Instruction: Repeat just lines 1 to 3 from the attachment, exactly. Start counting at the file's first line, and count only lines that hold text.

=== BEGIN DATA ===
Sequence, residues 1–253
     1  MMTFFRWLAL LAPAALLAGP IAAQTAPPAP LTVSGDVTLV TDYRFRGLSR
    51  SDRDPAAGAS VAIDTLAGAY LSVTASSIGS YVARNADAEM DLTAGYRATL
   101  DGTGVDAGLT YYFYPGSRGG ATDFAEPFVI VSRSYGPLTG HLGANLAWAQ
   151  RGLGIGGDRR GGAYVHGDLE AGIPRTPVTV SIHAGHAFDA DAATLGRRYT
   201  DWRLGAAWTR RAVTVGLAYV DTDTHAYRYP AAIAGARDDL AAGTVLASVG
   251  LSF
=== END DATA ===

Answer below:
Sequence, residues 1–253
     1  MMTFFRWLAL LAPAALLAGP IAAQTAPPAP LTVSGDVTLV TDYRFRGLSR
    51  SDRDPAAGAS VAIDTLAGAY LSVTASSIGS YVARNADAEM DLTAGYRATL